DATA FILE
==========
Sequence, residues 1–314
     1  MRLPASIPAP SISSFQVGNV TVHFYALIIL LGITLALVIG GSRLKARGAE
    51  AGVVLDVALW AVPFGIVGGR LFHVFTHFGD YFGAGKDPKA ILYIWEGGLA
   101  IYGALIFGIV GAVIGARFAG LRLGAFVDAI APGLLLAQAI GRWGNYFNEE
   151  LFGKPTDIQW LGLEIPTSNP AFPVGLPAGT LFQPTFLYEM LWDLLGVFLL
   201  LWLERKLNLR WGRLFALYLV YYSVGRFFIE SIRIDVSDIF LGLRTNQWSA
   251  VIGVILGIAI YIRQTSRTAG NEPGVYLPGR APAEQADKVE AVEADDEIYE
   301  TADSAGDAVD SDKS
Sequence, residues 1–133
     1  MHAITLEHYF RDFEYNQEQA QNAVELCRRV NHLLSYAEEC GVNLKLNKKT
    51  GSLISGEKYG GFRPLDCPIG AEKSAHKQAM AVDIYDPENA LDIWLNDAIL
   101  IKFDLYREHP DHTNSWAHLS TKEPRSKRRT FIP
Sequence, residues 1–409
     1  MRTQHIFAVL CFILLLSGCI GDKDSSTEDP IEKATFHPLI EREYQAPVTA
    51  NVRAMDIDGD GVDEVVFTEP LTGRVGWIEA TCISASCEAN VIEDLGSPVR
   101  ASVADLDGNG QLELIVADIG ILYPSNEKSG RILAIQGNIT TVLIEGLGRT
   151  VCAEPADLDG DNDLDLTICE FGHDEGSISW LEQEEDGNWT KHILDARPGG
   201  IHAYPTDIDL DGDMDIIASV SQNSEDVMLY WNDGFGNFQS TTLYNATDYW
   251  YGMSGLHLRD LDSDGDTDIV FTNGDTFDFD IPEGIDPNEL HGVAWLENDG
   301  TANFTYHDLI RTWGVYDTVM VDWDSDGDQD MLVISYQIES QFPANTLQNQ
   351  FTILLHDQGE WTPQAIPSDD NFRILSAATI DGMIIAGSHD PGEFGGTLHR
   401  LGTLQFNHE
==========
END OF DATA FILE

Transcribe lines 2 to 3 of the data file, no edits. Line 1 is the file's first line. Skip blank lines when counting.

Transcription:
     1  MRLPASIPAP SISSFQVGNV TVHFYALIIL LGITLALVIG GSRLKARGAE
    51  AGVVLDVALW AVPFGIVGGR LFHVFTHFGD YFGAGKDPKA ILYIWEGGLA